Needing to quench a thirst, we took at seat a Brasserie La Marmotte, which features a nice lineup of craft beers brewed in Crans-Montana. Relaxing the afternoon away with views of the Lac Grenon and Valais Alps and nicely brewed beer was a good way to take it all in as the people of Crans-Montana meandered by our table. We finished our forthy ale, tipped our waiter, and headed back to the room to refresh ourselves for the evening ahead.
In Crans-Montana Michelin, stars shine bright, and we were fortunate enough to experience Michelin stars two nights in a row. Our first experience lead us to LeCrans Hotel & Spa, where the stately dining room revealed a panoramic view of spectacular pink-hued mountains as the sun bowed behind the clouds. Taking a few minutes to learn about the man behind this sought-after world-class dining destination was indeed a must. Chef Pierre Crepaud gave us an opportunity to witness the life, the rigor, and the creativity of a brigade in the kitchen before an exclusive and intimate dinner.
“I was 10 years old when I decided to become a cook,” Crepaud said. “I thought of dishes by contemplating the mountains, climbing them, picking wild respberries, mushrooms, pine buds, hazelnuts or chestnuts. Today, at the LeMontBlanc, they have remained my greatest source of inspiration. In the summer, I gather wild plants in the alpine pastures: juniper, thyme, hyssop, absinthe, oxalis, genépi, cradle, and wild cumin. I am self-taught and passionate. I know their very diverse tastes that they bring in decoction, infusion, or simply laid on a dish. In the winter, the mountains are covered with snow; I work truffles, citrus fruits, spices, and old vegetables. Throughout the seasons, I like to create unusual and vegetable associations, to sublimate nature, by inspiring me on the steep paths of the alpine mountains.”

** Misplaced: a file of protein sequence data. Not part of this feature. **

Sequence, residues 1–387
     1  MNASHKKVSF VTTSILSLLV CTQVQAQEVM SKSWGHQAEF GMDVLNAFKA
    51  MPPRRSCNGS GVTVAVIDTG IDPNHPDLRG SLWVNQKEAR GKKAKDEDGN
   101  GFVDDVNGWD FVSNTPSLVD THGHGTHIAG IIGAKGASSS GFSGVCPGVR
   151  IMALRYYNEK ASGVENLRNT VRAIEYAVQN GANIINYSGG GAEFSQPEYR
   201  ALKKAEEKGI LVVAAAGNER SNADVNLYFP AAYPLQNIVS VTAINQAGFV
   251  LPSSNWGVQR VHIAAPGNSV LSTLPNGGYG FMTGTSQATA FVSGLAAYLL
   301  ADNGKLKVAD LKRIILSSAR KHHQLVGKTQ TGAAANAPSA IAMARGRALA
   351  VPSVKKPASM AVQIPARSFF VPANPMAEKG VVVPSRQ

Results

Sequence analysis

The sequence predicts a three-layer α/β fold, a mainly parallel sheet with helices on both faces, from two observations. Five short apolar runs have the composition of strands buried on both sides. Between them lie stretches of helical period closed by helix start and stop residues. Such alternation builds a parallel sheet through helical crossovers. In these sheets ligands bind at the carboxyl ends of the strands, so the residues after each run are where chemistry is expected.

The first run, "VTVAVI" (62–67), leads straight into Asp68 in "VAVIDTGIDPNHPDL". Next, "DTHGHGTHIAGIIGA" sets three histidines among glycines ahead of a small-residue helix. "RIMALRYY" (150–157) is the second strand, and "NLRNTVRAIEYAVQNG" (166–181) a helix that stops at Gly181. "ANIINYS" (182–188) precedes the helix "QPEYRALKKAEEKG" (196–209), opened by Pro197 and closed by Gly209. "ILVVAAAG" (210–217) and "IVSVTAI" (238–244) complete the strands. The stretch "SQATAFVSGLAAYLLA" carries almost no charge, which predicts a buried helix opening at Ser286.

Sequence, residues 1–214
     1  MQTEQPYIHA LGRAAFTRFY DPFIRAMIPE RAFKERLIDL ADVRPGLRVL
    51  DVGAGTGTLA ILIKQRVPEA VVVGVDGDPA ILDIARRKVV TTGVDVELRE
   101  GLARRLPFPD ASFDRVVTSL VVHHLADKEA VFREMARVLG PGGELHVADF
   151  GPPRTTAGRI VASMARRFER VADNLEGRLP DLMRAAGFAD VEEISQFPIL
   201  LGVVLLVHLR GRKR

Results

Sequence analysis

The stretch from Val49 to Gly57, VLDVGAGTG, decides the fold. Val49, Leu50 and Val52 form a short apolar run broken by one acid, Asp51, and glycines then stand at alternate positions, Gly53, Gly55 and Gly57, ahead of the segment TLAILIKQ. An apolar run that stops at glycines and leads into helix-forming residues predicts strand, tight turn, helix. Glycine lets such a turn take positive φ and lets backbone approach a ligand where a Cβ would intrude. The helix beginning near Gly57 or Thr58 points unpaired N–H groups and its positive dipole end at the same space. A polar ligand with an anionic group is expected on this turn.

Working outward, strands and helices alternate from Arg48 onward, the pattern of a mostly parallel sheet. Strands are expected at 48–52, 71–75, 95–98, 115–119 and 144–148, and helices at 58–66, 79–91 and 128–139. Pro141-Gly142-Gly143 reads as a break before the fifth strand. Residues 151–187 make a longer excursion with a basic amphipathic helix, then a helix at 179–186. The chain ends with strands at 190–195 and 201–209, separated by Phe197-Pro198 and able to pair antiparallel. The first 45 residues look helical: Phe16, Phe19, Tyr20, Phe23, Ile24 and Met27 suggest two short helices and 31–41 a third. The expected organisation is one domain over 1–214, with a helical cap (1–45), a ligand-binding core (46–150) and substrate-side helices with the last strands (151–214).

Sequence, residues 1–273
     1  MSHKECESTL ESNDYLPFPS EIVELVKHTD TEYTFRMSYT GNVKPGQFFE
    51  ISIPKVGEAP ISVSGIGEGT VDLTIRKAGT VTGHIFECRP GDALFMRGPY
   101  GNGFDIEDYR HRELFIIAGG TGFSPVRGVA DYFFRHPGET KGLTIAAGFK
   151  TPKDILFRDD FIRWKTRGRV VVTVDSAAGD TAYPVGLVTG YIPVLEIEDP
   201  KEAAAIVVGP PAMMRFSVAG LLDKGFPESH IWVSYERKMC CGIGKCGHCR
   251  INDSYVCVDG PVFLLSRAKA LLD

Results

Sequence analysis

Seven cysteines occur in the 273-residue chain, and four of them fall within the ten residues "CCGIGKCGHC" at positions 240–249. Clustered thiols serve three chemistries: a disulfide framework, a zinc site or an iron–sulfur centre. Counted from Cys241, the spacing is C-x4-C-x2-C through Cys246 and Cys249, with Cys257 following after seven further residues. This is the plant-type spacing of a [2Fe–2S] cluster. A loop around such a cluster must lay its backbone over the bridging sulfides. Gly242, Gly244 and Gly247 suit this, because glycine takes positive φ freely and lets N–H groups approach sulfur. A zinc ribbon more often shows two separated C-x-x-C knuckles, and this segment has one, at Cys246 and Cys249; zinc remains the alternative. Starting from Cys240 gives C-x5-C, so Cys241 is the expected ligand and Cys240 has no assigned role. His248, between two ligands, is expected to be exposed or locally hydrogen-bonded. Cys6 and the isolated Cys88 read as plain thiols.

Taking our seats, we began to peruse a menu that combines tradition and plenty of emphasis on local produce. The wine list is small but has 48 of the best white and red wines from the Valais region and around the world. One part of the menu called Autumn’s reflections features “4 different spaces”: air, water, earth and fire; all the classical elements needed from a Michelin kitchen. The signature beginning was a slow-cooked organic egg, Agria potatoes mousse, and earthy fall truffle shavings. The chef’s favorite dish of wild turbot roasted in a saffron butter, artichokes and figs confit, Melissa potatoes, gnocchi, and a meat sauce was thoroughly seasoned and extremely well-executed. We savored each expertly prepared dish, lingering over each flavorful forkful. For a sweet finish, the Le Mont Blanc “signature” dessert was a must. Under a rich, crunchy, meringue-tufted dome, fresh blackberry, marrons glace, and gruyere double cream assembled into an empire of taste and presentation. This indeed was a fini to be remembered. Our Tesla and driver arrived to return us back to the hotel satisfied and enjoying the stars above and the Michelin star we just enjoyed.